Twitter has it that close to 4,000+/- Ontario lawyers tuned in to an on line professional development program called the Mental Health for Legal Professionals Summit
That’s a lot of lawyers for one on-line conference; and there’s nothing wrong with that.
In fact, there are a lot of positives to so many attending. It helps shine a light on mental health; it shows that lawyers aren’t invincible and will give those participating some coping strategies. It’s encouraging that during these difficult Pandemic and Lock Down days which have grinded on all of us, that lawyers are open to and receiving help. This is very reassuring and comforting. We all need support systems around us; particularly when isolated away from the workplace; so that we can feel connected and fulfilled.
While we are seeing this with lawyers; we don’t see this in every workplace. This has resulted in what we believe to be a spike in depression and mental health disability related claims.
Unlike a physical injury where an insurer, judge or jury case see the injury; we cannot see mental health injuries.
There are no band-aids, crutches, wheelchairs or canes for depression and anxiety. The co-worker who you see on Zoom may be suffering a lot on the inside; but you can’t tell over your weekly video meeting. They are likely struggling a lot on the inside. Reaching out to them to make sure they’re ok is great; but it doesn’t amount to professional help like counselling, CBT or medication.
Insurance companies count on people caving in to their shells. They count on people who are sick on the inside to withdraw.
Getting Long Term Disability Benefits means claiming long term disability benefits. It’s an affirmative step which the claimant (not the lawyer) must first take. There is a lot of paperwork to get the ball rolling.
Insurance companies count on people not taking those affirmative steps to get the claim moving. Long Term Disability Benefits won’t fall down from the sky. Insurance companies count on people; particularly those with mental health issues to do nothing about getting benefits in the first place. That’s how they win a lot of claims. They win those claims simply because the claim isn’t made in the first place. Or if the claim is made; it’s outside of a limitation period under the policy.
Most long term disability policies contain a provision which states that the claim must be made within a specified period of time from the last day of work or the onset of disability.
Take for example a disabled employee who was not able to return to work because of depression. Their last day of work was on January 10, 2020. The policy states that any application for disability benefits must be made or received within 90 days from the last day of work; or from the onset of disability. The injured disability claimant; too depressed to get out of bed most days or do pretty much anything only makes his/her claim well outside of the 90 day window to make a claim. In all likelihood, the claim will be denied at first instance for failure to make a claim within the timeframe specified under the policy. The long term disability insurer will grant the applicant an opportunity to appeal the decision to deny benefits. If the claimant files for the appeal (which they may not), will in all likelihood be denied. Now instead of just one denial on file, there are two separate denials from different adjusters on file. The insurer is doing a great job at not only denying the claim, but also setting up a pattern of denials which makes a compelling case before a Judge should the matter proceed to trial.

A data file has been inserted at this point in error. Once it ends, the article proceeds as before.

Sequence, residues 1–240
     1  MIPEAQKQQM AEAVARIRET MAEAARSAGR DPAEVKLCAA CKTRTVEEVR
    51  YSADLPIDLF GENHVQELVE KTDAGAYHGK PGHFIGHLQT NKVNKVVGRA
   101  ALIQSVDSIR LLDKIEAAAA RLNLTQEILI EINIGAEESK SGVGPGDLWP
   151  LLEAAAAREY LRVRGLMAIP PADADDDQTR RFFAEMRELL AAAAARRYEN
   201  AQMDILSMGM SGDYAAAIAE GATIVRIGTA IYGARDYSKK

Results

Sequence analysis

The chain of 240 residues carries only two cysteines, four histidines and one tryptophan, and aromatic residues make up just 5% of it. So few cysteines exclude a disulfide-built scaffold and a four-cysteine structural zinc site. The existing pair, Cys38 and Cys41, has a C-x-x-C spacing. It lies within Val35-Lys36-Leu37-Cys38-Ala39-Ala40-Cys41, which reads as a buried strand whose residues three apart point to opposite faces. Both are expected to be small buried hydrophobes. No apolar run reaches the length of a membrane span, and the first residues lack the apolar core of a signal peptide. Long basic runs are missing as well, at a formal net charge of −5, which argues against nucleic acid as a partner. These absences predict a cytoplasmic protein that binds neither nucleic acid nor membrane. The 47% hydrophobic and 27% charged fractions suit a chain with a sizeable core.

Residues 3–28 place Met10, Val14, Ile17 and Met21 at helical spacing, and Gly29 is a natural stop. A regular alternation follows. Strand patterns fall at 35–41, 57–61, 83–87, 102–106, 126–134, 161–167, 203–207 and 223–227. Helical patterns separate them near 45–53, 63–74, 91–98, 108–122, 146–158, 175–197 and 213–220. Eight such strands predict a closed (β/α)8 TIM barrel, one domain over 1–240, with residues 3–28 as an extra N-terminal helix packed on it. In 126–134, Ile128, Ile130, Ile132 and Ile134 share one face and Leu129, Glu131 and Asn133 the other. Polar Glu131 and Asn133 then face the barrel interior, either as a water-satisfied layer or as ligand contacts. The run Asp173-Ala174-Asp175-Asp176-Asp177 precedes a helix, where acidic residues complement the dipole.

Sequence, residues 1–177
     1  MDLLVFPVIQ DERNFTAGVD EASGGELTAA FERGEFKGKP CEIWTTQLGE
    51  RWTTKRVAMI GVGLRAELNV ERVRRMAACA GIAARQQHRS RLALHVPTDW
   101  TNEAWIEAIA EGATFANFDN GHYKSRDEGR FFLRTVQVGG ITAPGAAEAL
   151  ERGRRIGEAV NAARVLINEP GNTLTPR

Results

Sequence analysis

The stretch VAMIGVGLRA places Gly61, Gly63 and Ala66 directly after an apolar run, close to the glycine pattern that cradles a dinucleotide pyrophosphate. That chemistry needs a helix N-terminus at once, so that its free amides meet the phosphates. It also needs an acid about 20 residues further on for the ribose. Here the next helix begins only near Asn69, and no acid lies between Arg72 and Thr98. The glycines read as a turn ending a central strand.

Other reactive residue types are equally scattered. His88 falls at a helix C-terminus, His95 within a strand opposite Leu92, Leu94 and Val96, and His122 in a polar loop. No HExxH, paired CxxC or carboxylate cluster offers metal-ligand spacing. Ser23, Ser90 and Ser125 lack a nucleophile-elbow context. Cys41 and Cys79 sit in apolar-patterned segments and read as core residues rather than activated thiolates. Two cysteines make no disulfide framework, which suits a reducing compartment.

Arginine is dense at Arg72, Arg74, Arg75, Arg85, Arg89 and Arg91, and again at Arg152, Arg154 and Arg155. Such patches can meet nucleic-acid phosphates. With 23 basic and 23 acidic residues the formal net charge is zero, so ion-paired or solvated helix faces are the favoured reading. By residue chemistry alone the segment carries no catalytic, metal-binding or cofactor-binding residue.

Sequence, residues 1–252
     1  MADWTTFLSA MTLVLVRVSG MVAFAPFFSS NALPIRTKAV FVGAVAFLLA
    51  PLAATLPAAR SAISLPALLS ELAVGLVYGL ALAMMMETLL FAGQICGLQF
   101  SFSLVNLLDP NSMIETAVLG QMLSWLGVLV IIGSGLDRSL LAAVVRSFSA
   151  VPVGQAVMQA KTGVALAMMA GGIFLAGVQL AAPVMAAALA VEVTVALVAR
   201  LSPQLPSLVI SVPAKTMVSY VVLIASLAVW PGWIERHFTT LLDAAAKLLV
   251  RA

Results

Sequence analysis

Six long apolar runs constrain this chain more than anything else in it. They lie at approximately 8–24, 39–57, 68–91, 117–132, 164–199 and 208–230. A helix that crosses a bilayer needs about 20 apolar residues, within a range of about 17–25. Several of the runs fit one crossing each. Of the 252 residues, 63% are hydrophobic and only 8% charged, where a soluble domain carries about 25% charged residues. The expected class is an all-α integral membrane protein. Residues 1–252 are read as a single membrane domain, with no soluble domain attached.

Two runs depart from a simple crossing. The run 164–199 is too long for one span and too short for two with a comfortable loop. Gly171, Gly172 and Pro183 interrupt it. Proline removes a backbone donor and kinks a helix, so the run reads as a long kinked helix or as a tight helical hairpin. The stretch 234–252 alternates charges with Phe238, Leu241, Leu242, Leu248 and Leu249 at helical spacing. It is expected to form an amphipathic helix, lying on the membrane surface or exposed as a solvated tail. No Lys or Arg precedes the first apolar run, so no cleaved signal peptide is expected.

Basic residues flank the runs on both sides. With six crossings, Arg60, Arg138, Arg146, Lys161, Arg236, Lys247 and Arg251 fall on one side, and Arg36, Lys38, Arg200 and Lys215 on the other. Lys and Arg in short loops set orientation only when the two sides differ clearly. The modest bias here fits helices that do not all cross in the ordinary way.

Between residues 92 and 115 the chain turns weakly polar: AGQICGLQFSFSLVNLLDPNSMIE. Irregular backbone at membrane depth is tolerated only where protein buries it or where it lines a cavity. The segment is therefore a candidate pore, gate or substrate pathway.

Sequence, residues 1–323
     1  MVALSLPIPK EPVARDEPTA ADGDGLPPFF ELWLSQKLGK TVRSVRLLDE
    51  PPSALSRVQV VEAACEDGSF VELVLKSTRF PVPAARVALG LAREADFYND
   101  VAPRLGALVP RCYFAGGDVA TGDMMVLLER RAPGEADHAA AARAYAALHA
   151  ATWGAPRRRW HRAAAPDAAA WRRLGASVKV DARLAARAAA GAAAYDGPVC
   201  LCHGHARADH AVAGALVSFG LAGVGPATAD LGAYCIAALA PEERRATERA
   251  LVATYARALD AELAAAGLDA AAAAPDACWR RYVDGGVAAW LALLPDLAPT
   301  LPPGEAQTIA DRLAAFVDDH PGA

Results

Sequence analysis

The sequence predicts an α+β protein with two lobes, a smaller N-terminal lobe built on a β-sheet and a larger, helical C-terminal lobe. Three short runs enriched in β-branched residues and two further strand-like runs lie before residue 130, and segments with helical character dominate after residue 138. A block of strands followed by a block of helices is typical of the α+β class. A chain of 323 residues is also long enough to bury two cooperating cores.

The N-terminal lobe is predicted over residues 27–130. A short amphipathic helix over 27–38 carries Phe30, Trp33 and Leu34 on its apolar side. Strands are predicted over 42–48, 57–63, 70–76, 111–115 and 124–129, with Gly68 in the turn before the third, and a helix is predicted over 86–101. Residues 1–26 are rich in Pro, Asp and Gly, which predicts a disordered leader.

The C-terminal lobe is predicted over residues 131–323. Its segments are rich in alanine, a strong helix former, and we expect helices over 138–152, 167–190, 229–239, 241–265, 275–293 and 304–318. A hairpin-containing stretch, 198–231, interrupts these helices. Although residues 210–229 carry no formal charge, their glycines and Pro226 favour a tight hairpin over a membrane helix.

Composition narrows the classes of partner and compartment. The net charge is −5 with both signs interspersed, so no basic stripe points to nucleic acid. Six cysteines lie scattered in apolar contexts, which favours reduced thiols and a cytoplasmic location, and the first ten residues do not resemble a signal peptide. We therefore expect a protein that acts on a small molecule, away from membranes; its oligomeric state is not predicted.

Our lawyers see many long term disability claims which aren’t denied based on the medical merits of the disability. But rather based upon the claimant’s inability to meet the insurer’s timeframes under the policy of insurance.
We often tell people that if you want the long term disability insurer’s benefits; you will have to jump through a few hoops. The insurance company has something which you want (their benefits). These benefits don’t simply magically appear. The claimant has to take some affirmative steps to get on claim. Doing nothing will get you nothing.
This is most commonly seen with the disability claimant who is so depressed, so sad, often suicidal with next to no level of functionality. This person may not even know that they have long term disability benefits to begin with. They have been prescribed medication; which they are now refusing to take because they see no benefit and have given up all hope. Their sleep is erratic because of pain. They have grown completely reclusive from family and friends. Their appearance is disheveled. They may have put on a lot of weight from depressed eating and lack of exercise; or lost a lot of weigh from depression and inactivity. Either way, this person is not in good shape physically or mentally.
Yet, they have access to a private long term disability benefit which may pay them 70% of their net salary up until the age of 65 (but they don’t even know it because their head is in the wrong place). By the time this person is able to think straight and appreciate that financial help may be available to them; it’s often too late. The claim is brought outside of time; making it a challenge to fight. That’s not to say it’s impossible. It just makes for a more challenging claim. It all goes back to jumping through the hoops to get the benefits you need. Now if the claimant is not interested in receiving long term disability benefits; then there’s no need to jump through these so called hoops. But that’s exactly how long term disability insurers win cases. They win them before they even start on account of a lack of knowledge, motivation and apathy by claimants who are too sad and depressed to do anything about it.